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Atlanta Environmental Law Blog

What are you facing from an EPA civil investigation?

Even as some environmental regulations relax due to changes in the Environmental Protection Agency, it continues to enforce other regulations and laws. If you get wind of the fact that the EPA is going to conduct an investigation against your company for what agents believe to be violations of environmental law, then you may want to understand what you could face.

First, you need to know whether it's a civil or criminal investigation. Civil investigations are probably more common, which means you could face either an administrative or a judicial action from the Agency. Depending on the findings, you could face certain civil enforcement actions.

Could your health issues be caused by mold in your home?

What do you know about mold? If you are like most people, you probably don't know too much. In fact, you may not really give it much thought until it presents a problem for you. Why would you?

You may know it grows in warm and damp environments such as in humid states like Georgia. Water damage could also be the culprit. If it is, by the time you see mold or realize that your home contains mold, the water damage may already be pervasive since it provided an environment for it to grow. Now you find yourself in a position where you need more information and help.

When natural disasters unleash contaminants, who pays?

Georgia and other states are dealing with the aftermath of Hurricane Michael, which is one of the four strongest storms to ever hit the United States since recordkeeping began, according to the Washington Post. With nuclear reactors and superfund sites located all over coastal areas, what happens when storms destroy protective measures, unleashing contaminants into the air, water and land? Who is responsible for the cleanup, notification, and containment?

Managing risk in green rooftop projects

If you are unfamiliar with a green rooftop, they are rooftop gardens installed to slow runoff, and reduce heat radiation in urban areas. Green rooftops are the wave of the future. Cities throughout the country have passed laws, some of which make installation mandatory in new structures, or when a roof is replaced. Colorado's Denver Green Roof Initiative is one of the strictest in the nation, according to the Denver Post. So, what should you be aware of when it comes to green rooftops?

What can you do if your employer is breaking environmental laws?

Not everyone cares equally about the environment. However, federal environmental laws require all companies to adhere to certain environmental standards—regardless of an employer’s personal priorities. Nonetheless, oftentimes employers—deliberately or not—fail to uphold environmental standards in their business operations.

Let’s say you’re a factory worker at a paper mill. One night after your shift, you notice workers removing pulping sludge from the facility and dumping it in a nearby river. You fish in that river. Your community relies on it for fresh, drinking water. As an employee relatively low on the totem pole, what recourse do you have?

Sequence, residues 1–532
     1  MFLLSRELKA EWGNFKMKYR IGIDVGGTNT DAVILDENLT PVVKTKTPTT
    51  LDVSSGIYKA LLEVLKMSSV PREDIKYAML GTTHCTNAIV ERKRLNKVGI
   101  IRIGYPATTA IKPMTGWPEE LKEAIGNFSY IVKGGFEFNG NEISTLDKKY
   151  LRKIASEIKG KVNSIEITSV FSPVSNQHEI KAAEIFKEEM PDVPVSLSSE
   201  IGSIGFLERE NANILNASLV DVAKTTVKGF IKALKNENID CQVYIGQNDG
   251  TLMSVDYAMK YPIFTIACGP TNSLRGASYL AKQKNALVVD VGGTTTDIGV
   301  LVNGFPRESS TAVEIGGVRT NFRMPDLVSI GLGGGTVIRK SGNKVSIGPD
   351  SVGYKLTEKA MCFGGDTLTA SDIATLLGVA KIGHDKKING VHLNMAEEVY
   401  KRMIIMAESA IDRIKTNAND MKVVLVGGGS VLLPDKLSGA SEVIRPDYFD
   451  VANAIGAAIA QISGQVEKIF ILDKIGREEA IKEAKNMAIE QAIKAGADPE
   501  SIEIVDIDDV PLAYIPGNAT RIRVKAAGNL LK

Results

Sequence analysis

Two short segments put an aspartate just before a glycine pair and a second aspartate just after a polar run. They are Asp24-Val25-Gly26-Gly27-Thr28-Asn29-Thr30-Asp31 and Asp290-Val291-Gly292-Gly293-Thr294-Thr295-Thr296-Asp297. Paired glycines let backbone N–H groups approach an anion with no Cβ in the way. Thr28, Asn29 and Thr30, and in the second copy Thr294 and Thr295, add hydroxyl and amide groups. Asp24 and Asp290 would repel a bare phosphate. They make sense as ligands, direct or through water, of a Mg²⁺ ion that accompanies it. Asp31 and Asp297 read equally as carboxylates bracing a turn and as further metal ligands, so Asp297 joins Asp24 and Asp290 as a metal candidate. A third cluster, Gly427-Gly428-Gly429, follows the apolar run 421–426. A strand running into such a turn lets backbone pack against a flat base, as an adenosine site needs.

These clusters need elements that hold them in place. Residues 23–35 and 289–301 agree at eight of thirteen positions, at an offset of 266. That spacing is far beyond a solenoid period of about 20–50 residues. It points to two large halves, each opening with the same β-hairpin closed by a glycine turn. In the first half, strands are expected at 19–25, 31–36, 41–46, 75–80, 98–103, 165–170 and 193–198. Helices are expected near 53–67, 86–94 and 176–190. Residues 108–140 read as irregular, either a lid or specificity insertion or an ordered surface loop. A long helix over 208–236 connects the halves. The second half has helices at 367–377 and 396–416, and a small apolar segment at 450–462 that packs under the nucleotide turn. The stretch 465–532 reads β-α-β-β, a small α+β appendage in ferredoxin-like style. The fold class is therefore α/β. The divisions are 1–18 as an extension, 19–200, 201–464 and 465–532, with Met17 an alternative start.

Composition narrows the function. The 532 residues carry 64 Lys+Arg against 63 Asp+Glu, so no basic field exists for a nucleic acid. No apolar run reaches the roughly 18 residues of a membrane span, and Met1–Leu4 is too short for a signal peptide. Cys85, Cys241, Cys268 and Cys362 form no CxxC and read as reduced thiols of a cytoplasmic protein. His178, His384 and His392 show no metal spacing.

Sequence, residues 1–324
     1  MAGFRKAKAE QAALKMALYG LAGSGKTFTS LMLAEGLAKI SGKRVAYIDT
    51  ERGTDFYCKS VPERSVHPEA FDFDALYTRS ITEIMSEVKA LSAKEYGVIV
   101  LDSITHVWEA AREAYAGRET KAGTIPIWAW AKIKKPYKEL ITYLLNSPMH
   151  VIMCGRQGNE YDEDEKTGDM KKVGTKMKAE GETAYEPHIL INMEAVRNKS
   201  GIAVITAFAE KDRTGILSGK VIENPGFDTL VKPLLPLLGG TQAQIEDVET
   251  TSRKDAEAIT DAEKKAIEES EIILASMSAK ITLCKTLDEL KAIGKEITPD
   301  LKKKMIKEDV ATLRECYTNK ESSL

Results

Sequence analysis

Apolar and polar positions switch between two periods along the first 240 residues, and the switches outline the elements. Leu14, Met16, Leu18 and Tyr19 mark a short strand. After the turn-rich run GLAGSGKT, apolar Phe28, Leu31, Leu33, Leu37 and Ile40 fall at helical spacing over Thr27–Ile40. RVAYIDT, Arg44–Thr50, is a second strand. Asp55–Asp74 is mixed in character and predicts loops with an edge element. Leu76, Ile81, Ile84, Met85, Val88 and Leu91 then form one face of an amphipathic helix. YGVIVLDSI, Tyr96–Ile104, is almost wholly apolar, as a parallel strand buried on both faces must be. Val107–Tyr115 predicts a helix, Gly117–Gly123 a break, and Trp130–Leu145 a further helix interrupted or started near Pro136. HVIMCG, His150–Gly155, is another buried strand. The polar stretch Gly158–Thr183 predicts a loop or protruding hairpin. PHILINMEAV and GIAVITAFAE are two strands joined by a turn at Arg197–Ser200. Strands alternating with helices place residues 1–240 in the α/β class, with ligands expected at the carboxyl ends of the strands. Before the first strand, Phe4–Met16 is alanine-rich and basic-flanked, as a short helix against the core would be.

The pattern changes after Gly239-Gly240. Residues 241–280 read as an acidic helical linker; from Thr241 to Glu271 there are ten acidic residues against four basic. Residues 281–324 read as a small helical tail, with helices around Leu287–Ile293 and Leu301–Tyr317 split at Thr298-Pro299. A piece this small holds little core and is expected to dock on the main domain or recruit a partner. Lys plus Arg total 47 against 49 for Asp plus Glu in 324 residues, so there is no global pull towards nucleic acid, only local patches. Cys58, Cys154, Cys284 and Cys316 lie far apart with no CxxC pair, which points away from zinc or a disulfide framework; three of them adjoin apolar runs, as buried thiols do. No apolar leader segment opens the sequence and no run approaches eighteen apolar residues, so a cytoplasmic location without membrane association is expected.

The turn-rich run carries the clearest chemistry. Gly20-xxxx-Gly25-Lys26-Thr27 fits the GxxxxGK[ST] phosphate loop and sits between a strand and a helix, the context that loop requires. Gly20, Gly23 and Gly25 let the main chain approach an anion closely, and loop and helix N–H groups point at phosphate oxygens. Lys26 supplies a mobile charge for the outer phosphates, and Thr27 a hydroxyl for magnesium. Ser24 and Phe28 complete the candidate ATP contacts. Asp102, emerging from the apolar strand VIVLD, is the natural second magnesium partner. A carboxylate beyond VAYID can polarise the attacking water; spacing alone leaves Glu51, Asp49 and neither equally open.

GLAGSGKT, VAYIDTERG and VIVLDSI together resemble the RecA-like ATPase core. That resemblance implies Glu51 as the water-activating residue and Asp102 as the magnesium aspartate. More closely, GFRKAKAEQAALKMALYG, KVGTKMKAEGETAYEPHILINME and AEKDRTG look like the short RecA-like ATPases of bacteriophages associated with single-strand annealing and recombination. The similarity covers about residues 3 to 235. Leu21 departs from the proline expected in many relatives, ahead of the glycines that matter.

The danger of inert chemicals in pesticides

As an agricultural producer, Georgia ranks fifteenth in the nation, leading the U.S. in production of broilers, peanuts, spring onions and pecans. Georgia’s subtropical climate is perfectly suited for an array of crops, but also ideal for pests. Adding to the pest problem are the international seaports and airports, which bring in additional harmful species.

Pesticide categories

Is the drinking water in Georgia’s schools safe?

Flint, Michigan sparked awareness for clean drinking water across the nation. The dark-colored water caused by lead and copper that residents began to drink in 2014 started movements in Michigan and throughout the country to make safe drinking water accessible to everyone.

Georgia was found to be among states with the least-safe drinking water by the National Resources Defense Council’s most recent report in 2015. Hundreds of violations of the Safe Drinking Water Act discovered in the same report put the state in fifth place for most violations in the country. Even though this report was from three years ago, lead-contaminated water is still being discovered, especially in schools.

Do you know the ingredients of a good EMS?

Have you ever seen a sign on the side of a building declaring the business is ISO certified? Ever wonder what it means? The designation first came on the radar of this author around the time of the turn of the century in connection with the so-called Y2K bug. That was the worry that computer systems could crash on a global scale at the turn over to Jan. 1, 2000.

Those concerns were largely overblown. Perhaps one reason why is because so many companies took the precaution of auditing their systems following standards established by the International Organization for Standardization (ISO). Today, there are ISO standards for all sorts of issues, including environmental management systems (EMS).

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